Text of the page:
Israel’s ambassador to Poland opened a 3-D show of Warsaw Ghetto photographs on Wednesday as part of observances marking the 70th anniversary of the Ghetto’s revolt against Nazi Germans.
The 48 pictures shown at Warsaw’s Fotoplastikon are images of people walking or begging in the streets, street vendors, German troops and the Jewish cemetery.
Most of them were taken between 1940, when the Ghetto was set up, and 1945, when almost nothing remained of Warsaw’s Jewish district. Some of the images are very poignant, like one of a boy searching for lice in his clothes.
Ambassador Zvi Rav-Ner said the photos are proof of the immense suffering of the Jews in the Ghetto and a warning against nationalist violence.
“It is very important that these pictures show how it really was, how they all suffered,” Rav-Ner said in Polish. “And then there was this great heroism. This was the first uprising against the Nazis in occupied Europe.”
The two-dimensional photos were supplied by the family of Polish resistance photographer Stefan Baginski and turned into stereoscopic images that, when viewed through binoculars, offer a 3-D effect. Some of the photos were taken by German soldiers and some by a Polish photographer, Mieczyslaw Bil-Bilazewski, who apparently worked for both the Nazi occupiers and the Polish resistance.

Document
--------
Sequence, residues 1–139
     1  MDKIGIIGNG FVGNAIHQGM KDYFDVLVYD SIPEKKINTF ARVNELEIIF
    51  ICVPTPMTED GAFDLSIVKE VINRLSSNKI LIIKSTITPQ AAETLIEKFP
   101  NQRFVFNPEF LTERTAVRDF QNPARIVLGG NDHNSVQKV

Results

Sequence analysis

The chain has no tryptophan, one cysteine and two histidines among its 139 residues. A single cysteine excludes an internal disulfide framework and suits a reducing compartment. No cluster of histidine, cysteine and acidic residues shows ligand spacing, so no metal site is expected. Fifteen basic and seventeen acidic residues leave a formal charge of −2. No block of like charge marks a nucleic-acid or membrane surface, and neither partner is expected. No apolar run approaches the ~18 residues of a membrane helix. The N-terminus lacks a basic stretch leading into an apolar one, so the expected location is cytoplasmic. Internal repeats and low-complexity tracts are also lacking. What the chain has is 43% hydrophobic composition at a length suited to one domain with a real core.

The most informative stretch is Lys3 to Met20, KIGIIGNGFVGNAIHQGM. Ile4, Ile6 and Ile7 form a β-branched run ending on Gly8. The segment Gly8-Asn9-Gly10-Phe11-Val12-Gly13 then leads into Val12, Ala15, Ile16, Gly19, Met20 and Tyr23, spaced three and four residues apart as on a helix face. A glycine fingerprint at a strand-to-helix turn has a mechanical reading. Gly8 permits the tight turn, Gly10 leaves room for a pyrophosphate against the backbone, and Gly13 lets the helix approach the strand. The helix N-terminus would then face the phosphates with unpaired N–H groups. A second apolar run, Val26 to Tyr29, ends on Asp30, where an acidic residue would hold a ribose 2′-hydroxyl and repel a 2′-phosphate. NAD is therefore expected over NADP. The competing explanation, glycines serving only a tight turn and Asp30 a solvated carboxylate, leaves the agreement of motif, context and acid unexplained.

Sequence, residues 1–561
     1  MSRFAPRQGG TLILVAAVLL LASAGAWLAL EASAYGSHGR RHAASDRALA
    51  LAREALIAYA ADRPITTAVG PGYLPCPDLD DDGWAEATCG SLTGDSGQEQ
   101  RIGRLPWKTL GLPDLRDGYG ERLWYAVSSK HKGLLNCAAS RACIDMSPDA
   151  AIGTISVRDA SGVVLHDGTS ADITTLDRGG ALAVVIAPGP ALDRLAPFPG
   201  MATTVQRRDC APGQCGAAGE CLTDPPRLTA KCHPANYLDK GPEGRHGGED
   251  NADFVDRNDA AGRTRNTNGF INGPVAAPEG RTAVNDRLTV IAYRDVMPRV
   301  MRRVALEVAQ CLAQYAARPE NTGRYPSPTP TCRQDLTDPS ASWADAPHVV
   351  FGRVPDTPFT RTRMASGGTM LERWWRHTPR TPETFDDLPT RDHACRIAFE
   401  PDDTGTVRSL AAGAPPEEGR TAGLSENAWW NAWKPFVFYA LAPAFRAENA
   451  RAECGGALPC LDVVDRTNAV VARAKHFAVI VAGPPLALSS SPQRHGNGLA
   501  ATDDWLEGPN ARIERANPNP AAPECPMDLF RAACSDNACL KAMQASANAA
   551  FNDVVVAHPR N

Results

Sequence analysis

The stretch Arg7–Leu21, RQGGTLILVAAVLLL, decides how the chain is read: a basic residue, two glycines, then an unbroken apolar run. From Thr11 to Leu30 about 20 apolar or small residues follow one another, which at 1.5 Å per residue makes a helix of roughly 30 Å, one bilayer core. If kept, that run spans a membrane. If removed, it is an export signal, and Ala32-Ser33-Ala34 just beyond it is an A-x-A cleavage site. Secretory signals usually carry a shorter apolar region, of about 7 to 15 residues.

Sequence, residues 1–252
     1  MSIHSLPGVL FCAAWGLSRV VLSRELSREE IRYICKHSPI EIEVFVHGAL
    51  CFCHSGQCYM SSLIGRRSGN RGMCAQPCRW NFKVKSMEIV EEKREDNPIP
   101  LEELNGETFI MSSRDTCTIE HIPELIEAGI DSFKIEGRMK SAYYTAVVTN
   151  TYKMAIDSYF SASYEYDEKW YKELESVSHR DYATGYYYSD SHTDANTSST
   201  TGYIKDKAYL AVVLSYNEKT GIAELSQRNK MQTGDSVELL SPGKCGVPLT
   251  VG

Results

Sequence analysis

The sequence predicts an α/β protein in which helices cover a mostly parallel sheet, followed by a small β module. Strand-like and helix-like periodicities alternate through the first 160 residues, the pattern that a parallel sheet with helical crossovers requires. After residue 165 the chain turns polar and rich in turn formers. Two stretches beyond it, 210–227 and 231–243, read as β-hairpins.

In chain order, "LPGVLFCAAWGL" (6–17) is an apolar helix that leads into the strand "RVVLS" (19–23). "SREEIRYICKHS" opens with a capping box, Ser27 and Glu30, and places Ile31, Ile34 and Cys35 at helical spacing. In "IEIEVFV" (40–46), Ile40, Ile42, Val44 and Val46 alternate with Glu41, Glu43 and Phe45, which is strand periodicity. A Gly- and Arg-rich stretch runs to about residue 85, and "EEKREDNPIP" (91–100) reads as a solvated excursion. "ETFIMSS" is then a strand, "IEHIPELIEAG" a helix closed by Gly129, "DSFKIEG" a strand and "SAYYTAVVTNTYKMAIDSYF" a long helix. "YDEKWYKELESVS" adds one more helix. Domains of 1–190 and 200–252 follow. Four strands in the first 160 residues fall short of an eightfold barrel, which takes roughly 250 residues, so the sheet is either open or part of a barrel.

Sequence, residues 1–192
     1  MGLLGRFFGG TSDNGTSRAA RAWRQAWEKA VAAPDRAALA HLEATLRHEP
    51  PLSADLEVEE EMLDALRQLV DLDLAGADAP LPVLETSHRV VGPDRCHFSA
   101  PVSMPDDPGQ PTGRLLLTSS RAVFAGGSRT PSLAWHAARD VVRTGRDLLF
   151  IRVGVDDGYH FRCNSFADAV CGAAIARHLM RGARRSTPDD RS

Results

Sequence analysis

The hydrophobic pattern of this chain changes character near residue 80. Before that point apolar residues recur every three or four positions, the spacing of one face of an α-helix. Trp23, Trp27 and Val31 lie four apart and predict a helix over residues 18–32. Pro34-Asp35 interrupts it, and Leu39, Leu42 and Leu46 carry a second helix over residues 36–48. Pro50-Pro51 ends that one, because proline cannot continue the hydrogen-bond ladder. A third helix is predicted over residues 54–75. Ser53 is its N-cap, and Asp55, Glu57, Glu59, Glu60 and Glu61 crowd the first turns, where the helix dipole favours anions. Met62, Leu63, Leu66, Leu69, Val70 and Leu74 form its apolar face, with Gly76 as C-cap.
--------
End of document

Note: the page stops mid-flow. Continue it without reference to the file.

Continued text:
The show was organized by the Warsaw Rising Museum as part of observances marking the Ghetto revolt anniversary. The 1944 Warsaw uprising was a separate city-wide revolt.
“They are both the heritage of Warsaw, and this is what we want to say through this picture show,” Oldakowski said.
Earlier Wednesday, Poland’s parliament adopted a resolution honoring those who suffered and died in the Ghetto. It “pays homage to the victims and heroes of the uprising whose courage and sacrifice have earned admiration, respect and the memory of generations that came after them.”
State observances will be led by President Bronislaw Komorowski on Friday.